Having poor circulation is not a condition in itself; rather, it is commonly a result of other, underlying health issues. This is why it’s crucial to treat the root cause, rather than just the symptoms of poor circulation.

What Leads to Poor Circulation in the Legs?

Underling venous insufficiency, also known as vein disease, is the most common cause of poor circulation. This common condition develops when vein valves become damaged, allowing blood to flow in the opposite direction. Healthy blood flow travels through your veins from your legs up towards your heart. Diseased vein valves allow blood to pool, which causes decreased circulation. Over time, the blood that pools within your legs can cause painful symptoms, inflammation, and put you at risk for serious health conditions.

Causes and Risk Factors of Poor Circulation

What Can Poor Circulation Cause?

If you’re struggling with symptoms of poor circulation such as:

  • Cool feet or legs: Reduced blood flow in your feet causes them to feel colder than other parts of your body.
  • Swollen legs, ankles, or feet: When your veins can’t push blood upward, it can collect in your legs. This blood pooling puts extra pressure on the area, causing fluid buildup and swelling.
  • Muscle cramping: Inconsistent blood flow may create muscle aches and pains. This can potentially lead to Restless Legs Syndrome (RLS) as well.
  • Numbness: Poor circulation may cause you to experience a tingling or numbing sensation in your thighs, calves, or feet.
  • Changes in skin color: A lack of blood flow can change the color of the skin on your feet and legs.
  • Leg wounds or ulcers: A break in the skin on your leg can become larger from increased blood pressure and take a long time to heal or may not heal at all.
  • Visible veins: When blood pools in your veins due to poor circulation, it puts pressure on the veins and causes them to bulge. This may cause varicose or spider veins to develop and become raised.

Not only can poor circulation cause painful or uncomfortable symptoms, but it can also increase your risk for a few different health conditions. Left untreated, lack of circulation can lead to slow or non-healing wounds to turn into venous ulcers, the development of blood clots, or even a condition known as May-Thurner Syndrome (MTS).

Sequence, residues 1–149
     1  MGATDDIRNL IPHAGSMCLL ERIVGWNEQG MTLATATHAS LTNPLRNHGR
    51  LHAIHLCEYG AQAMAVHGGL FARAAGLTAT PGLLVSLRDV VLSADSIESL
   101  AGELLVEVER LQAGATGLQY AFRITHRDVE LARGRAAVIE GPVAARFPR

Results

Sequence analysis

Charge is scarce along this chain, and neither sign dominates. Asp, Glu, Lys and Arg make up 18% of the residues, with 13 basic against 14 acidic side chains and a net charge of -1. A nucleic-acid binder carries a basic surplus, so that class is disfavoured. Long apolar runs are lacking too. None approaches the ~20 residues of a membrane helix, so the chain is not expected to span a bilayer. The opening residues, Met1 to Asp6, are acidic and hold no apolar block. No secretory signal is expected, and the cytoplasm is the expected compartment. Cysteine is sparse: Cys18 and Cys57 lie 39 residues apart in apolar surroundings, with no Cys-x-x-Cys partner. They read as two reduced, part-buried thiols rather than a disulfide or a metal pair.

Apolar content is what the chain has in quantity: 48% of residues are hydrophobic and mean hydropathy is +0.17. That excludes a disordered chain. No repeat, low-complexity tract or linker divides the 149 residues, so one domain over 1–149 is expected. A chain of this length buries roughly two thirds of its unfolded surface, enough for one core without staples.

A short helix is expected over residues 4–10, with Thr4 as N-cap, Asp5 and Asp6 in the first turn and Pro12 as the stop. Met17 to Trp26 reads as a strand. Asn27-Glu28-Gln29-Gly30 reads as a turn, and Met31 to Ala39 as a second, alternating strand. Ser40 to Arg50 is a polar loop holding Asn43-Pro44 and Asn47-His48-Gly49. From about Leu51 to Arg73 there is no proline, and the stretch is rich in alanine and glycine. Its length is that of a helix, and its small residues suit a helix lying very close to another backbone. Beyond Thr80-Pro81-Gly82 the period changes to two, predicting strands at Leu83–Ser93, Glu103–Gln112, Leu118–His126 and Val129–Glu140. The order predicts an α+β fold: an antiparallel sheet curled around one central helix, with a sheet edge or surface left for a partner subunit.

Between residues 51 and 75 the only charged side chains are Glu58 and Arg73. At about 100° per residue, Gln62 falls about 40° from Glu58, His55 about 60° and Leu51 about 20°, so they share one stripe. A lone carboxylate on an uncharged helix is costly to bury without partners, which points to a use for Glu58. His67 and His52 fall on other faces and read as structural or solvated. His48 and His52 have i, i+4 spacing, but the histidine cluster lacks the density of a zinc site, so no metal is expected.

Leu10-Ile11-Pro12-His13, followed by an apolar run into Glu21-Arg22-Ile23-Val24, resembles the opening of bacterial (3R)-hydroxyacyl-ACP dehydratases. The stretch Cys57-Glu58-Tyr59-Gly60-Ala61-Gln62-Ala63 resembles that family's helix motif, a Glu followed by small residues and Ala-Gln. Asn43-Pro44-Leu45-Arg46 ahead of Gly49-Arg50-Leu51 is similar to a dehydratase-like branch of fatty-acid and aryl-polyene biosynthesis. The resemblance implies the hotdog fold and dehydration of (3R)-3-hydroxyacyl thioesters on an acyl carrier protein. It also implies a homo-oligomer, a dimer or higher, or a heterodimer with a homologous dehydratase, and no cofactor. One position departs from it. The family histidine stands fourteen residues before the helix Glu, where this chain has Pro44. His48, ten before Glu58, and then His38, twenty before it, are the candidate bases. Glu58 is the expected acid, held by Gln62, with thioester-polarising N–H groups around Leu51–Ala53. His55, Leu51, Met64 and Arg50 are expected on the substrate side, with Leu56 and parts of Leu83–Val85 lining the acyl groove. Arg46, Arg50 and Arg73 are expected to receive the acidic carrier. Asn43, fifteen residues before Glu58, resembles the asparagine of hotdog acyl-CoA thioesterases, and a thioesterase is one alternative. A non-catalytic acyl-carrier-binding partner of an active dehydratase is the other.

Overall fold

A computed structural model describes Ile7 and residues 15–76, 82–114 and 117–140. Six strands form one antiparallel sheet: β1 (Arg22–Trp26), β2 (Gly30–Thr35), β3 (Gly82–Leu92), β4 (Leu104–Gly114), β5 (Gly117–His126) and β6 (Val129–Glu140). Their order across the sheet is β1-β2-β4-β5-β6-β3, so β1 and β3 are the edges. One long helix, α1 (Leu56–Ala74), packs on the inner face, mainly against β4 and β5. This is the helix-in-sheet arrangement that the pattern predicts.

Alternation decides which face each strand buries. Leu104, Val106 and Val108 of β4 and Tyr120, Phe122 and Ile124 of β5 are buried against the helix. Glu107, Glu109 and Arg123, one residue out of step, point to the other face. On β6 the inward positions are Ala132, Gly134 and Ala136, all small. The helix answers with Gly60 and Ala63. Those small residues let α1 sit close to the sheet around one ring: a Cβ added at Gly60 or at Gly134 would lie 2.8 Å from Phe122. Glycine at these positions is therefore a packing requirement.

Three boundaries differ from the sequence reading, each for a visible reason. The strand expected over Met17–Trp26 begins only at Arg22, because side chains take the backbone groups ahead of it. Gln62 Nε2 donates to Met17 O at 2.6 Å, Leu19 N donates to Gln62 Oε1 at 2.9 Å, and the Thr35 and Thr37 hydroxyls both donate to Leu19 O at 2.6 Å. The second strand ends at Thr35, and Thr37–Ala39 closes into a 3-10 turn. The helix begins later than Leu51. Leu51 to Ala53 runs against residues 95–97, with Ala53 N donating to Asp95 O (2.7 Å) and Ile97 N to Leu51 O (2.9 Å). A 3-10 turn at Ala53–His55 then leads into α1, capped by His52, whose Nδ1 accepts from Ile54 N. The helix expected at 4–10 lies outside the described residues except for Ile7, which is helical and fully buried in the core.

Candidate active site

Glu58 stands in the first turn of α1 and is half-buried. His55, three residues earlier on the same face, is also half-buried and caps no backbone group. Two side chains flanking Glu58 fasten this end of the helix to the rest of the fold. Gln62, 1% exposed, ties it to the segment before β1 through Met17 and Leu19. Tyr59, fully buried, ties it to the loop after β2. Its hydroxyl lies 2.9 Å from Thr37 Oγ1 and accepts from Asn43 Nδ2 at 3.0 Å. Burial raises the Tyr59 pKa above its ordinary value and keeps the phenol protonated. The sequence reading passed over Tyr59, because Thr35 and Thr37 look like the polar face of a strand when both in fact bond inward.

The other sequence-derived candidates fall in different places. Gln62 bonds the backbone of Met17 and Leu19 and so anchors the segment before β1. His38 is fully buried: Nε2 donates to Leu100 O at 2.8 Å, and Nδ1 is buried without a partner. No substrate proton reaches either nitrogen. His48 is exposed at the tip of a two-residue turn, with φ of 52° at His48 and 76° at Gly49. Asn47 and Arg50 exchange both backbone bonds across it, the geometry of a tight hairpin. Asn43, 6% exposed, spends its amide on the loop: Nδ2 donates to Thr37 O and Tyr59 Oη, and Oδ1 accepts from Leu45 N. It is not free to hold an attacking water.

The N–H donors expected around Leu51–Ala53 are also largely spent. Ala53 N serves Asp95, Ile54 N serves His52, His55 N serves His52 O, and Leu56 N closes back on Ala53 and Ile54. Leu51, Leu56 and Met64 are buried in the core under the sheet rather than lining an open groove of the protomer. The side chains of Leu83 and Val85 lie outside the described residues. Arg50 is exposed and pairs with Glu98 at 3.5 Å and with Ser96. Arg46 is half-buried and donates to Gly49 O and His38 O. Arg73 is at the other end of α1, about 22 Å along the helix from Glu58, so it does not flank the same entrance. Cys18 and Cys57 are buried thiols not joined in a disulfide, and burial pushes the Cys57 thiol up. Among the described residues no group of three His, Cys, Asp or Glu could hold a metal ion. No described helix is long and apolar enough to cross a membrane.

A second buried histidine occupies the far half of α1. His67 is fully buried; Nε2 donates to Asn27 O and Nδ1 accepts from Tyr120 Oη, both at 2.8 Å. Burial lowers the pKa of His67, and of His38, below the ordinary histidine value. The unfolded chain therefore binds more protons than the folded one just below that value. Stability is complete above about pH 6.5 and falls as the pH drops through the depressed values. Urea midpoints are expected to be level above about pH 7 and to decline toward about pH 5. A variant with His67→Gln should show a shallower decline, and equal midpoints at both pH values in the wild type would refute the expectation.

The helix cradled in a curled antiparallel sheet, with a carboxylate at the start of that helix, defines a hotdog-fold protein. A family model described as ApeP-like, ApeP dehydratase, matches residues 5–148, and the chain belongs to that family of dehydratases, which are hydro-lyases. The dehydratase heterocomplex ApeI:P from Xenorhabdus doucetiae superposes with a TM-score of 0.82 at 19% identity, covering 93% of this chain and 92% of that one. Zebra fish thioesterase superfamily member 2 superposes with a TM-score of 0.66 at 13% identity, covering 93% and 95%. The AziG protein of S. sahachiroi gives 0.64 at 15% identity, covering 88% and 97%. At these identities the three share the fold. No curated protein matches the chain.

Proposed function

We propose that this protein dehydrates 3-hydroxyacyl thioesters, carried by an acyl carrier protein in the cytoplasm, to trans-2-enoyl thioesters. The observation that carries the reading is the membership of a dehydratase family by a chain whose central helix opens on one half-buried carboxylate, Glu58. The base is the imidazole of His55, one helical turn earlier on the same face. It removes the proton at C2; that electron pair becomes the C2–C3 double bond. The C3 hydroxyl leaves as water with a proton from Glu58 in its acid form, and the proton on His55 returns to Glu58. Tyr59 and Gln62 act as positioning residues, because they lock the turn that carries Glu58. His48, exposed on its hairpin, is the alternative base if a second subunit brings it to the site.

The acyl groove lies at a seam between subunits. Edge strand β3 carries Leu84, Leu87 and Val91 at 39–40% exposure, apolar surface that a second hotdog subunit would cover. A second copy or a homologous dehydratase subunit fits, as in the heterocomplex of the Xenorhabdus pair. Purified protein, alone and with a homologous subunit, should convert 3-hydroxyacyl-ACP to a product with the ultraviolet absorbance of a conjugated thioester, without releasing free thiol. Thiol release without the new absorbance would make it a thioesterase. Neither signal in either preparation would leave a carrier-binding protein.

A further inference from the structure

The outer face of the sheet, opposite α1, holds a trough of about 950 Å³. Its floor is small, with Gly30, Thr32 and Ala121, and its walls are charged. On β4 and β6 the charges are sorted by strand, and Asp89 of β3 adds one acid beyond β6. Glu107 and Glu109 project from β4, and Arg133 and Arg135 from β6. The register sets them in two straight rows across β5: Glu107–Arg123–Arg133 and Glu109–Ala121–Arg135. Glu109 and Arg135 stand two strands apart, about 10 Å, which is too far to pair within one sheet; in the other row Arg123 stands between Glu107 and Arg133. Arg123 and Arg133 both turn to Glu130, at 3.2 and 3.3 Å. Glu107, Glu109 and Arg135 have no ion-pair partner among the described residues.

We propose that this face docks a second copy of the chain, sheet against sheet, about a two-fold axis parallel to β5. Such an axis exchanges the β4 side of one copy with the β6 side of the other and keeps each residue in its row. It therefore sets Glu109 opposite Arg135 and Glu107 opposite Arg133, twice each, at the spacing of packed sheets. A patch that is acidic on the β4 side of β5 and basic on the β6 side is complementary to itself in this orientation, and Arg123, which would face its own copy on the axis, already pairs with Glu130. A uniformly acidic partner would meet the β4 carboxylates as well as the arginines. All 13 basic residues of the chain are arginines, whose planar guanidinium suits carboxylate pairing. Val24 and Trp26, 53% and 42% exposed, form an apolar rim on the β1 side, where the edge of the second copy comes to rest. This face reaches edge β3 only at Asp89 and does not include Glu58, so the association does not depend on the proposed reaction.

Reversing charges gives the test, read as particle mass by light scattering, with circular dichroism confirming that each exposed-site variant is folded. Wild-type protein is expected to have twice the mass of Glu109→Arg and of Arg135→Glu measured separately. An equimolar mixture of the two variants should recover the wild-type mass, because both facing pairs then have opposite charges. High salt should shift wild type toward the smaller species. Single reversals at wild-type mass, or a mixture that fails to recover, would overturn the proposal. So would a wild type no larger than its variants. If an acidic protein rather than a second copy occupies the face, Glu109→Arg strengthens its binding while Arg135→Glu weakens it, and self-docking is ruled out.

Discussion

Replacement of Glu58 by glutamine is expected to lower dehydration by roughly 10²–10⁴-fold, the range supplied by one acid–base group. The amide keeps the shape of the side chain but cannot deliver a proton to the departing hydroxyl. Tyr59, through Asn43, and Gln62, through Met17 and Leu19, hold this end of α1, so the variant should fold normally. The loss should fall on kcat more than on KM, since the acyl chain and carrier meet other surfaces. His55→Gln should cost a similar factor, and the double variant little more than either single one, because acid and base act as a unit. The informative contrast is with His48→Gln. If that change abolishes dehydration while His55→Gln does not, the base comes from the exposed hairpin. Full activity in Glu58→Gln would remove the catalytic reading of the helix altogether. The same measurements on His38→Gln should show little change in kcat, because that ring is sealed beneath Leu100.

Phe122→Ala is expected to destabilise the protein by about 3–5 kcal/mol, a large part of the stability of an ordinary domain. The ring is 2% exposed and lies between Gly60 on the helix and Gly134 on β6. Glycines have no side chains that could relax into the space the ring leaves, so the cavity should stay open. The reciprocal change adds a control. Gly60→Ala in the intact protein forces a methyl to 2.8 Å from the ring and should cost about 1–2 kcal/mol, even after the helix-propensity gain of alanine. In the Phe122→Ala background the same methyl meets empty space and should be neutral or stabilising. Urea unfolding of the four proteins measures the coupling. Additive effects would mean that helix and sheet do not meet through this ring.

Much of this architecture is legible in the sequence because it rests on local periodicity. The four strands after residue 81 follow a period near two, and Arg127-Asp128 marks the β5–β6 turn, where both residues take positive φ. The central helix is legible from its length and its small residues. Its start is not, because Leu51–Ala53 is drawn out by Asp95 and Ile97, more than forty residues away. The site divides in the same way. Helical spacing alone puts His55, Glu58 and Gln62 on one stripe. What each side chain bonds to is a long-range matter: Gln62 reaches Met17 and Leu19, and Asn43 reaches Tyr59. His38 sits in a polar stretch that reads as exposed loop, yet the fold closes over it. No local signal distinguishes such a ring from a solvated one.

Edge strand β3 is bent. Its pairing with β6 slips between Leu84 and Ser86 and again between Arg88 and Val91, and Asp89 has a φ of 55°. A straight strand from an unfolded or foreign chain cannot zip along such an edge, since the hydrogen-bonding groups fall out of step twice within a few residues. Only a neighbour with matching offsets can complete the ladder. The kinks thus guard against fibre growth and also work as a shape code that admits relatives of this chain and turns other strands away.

In many cases, poor circulation is not life-threatening; however, it’s important to get underlying venous insufficiency treated to avoid your symptoms worsening. Many patients who have ignored their pain, have shared that poor circulation had an increasingly negative impact on their daily lives,. Their pain or discomfort eventually caused them to avoid activities they once loved and daily chores that need to be taken care of.

How Can I Reverse Poor Circulation?

If you are currently living with poor circulation, there is no need to worry. Reversing poor circulation caused by underlying vein disease can be easy in a few steps:

  • Elevate your legs as much as possible.
  • Wear comfortable-fitting shoes that do not fit tightly around the feet or ankles.
  • Avoid sitting or standing for long periods. Instead, mix up your day by doing quick exercises between intervals of sitting or standing.
  • Learn how vein treatment can help effectively relieve your leg pain or symptoms. Treating diseased veins can restore your circulation by rerouting blood flow to healthier, stronger veins.
  • Move around as much as you possibly can when you are traveling either in a car or by plane.

Improving circulation starts at getting vein treatment. Treating vein disease early can help restore healthy circulation, prevent future health risks, and improve your mobility. After vein treatment, the above activities such as exercising and elevating your legs, can help keep your blood moving.

Reversing Poor Circulation Through Vein Treatment

Treating the root of the issue is important in lowering your risk of chronic development of varicose or spider veins. Many people tend to ignore their symptoms or wait for them to improve on their own. Even if your exercise every day, vein disease can still be present. Not until you treat damaged vein valves will you be able to improve circulation and notice the results.

Treating underlying venous insufficiency is important in order to prevent serious conditions like deep vein thrombosis (DVT) and venous ulcers.

At your consultation, your doctor will provide you with a proper diagnosis and discuss which treatment option will work best for you. Feel free to give us a call at 888.768.3467 or click the button below to get started to healthier legs and improved circulation today.

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Share: Categories: Causes and Risk Factors, Prevention, Vein Disease Symptoms, Vein Health Awareness